Wednesday, March 14, 2007

Feelings...Nothing More Than Fee-hee-lings....

As I read over e-mails on my new and spectacular Gmail account (thanks for the invite, T-Dot), I can't help but be amused at the most recent turn of events on the Young Black Journalists listserve. The topic of discussion and great debate is Greek life after two brothers of Florida A&M University's Kappa Alpha Psi chapter were put behind bars after a pledge turned up with an eight-inch piece of hematoma on his hind quarters. Two commentaries on Black College Wire have ignited the discussion among Greek members and the dreaded GDIs (Gosh Darned Individuals...hey, it's a family blog) about whether Greeks get an unfair reputation or whether non-Greeks are bitter because they weren't chosen or couldn't join any organizations.

This makes for a wonderful question as it relates to journalism; Is it easy or difficult to put your feelings aside as a reporter and/or editor when the topic you cover sparks several different types of feelings inside you? Journalists are supposed be impartial and unbiased obviously, but as anyone who has had the misfortune of viewing anything Fox News-related will tell you, that is simply hard for anyone with human emotions and feelings to do.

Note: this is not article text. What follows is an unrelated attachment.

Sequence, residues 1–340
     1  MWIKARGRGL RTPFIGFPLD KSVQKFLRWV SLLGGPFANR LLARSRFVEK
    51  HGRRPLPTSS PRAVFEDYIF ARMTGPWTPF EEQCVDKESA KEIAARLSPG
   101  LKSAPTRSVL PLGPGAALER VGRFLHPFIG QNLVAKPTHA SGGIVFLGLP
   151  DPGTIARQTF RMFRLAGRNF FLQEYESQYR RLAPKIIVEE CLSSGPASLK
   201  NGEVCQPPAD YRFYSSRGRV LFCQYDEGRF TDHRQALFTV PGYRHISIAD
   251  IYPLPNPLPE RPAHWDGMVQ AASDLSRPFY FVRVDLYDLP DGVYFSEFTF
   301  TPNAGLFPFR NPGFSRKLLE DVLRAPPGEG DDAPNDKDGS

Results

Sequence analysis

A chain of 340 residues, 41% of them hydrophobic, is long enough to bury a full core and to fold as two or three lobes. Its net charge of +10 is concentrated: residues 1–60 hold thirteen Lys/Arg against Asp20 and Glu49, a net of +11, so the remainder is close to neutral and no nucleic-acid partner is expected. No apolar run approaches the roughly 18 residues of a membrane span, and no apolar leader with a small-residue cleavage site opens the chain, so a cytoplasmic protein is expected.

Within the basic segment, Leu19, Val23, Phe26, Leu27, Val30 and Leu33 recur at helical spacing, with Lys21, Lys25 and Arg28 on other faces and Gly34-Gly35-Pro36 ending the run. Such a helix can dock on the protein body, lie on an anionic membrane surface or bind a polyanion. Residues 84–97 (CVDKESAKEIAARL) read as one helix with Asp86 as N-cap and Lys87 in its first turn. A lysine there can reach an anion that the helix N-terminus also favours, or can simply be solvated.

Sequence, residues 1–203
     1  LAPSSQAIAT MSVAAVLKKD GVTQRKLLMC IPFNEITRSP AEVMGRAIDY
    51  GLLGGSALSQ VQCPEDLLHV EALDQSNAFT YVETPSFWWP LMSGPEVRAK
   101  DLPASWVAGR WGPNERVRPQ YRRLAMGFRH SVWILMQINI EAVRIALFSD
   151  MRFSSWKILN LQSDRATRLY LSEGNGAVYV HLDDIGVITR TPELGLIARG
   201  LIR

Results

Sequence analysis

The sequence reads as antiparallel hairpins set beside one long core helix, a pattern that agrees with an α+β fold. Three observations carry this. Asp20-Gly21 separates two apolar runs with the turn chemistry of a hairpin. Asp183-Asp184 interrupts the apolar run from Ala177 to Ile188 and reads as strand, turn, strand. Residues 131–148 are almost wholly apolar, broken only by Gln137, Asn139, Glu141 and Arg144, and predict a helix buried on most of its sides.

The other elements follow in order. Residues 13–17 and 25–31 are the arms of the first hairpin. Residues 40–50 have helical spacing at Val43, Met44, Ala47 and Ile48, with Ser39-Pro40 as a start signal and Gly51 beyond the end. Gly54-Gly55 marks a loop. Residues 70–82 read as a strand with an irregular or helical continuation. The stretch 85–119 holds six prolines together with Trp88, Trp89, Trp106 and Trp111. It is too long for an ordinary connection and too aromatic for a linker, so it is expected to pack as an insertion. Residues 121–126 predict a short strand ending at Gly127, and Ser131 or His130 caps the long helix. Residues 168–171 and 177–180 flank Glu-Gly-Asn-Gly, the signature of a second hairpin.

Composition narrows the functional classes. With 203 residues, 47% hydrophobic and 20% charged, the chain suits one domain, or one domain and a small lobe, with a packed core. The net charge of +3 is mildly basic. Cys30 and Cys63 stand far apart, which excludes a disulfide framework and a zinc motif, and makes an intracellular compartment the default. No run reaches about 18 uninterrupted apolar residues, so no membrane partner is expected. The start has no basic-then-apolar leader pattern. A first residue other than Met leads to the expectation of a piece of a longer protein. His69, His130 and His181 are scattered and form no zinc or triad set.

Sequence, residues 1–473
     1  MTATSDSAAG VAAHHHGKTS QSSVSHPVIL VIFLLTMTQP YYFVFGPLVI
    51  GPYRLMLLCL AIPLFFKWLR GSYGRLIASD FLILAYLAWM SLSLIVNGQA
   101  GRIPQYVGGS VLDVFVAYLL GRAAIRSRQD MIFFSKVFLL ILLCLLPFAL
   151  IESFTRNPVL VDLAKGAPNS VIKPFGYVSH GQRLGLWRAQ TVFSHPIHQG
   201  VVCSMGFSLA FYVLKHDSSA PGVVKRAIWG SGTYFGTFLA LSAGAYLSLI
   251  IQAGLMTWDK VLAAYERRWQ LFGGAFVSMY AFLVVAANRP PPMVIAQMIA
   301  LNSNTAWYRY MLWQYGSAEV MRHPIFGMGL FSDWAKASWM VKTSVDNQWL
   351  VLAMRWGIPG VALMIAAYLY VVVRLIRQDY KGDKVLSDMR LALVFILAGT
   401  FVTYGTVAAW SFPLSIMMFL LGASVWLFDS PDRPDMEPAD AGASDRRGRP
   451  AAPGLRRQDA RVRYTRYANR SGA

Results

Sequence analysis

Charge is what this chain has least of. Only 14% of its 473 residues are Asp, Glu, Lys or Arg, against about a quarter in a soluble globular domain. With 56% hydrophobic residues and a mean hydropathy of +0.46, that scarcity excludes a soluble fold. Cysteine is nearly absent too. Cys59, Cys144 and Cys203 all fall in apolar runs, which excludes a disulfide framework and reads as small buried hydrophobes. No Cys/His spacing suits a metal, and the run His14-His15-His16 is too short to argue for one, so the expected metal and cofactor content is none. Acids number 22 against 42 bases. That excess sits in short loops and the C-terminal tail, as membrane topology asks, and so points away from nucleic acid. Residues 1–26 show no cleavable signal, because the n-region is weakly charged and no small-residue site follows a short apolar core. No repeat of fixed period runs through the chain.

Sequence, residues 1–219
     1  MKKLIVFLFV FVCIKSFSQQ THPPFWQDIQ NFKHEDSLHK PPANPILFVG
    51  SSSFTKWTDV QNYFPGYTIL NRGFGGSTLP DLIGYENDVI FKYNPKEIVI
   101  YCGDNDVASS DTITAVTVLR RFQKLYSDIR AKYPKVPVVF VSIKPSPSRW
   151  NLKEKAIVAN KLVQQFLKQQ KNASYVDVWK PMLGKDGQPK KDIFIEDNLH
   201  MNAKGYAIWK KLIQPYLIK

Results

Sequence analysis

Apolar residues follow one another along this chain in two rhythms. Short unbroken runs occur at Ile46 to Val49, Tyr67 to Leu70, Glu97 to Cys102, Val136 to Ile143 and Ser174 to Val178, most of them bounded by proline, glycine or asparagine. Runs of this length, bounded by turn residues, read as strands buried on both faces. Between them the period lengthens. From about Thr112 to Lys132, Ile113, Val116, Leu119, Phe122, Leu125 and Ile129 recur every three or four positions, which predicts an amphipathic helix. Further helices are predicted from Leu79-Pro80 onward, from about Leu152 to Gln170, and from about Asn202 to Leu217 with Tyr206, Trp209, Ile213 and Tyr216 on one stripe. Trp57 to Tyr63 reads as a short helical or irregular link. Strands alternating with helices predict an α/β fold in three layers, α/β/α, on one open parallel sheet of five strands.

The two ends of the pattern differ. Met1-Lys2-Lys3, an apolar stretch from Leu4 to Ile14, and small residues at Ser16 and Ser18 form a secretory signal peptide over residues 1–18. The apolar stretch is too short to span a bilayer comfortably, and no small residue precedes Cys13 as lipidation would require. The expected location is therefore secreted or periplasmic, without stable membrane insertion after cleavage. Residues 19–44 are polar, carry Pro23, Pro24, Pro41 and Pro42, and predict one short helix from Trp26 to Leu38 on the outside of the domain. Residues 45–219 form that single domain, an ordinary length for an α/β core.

If you want my opinion on the whole Greek thing, here it is; they're all full of it, it being arrogance, conceit, and pretentious better-than-you attitudes, at least the ones I've met anyway. For example, I was actually called a GDI in a negative light recently by a local Delta who apparently forgot that she could double for the Elephant Mascot that Delta Sigma Theta employs, but I digress. That is part of the reason I haven't weighed in on this topic on the serve, lest I incur the wrath of *dramatic music* the moderator!*

Despite my loathing of all things Greek, I certainly wouldn't turn down a scoop or a great story simply because somebody has an affiliation that they hold near and dear to them. That's where we have to draw the line in all our endeavors as journalists. Regardless of how we personally feel about our subjects, sources, readers, viewers, etc., we still have a job to do. And no one, regardless of their personality, attitude or affiliation should stop us from doing what we do best and that's give our readers, viewers and listeners the news they deserve and have a right to know. Our chosen profession alone makes us a select and unique group of people, and we should remember that on a daily basis.

Posted by Chris at 10:15 AM | link

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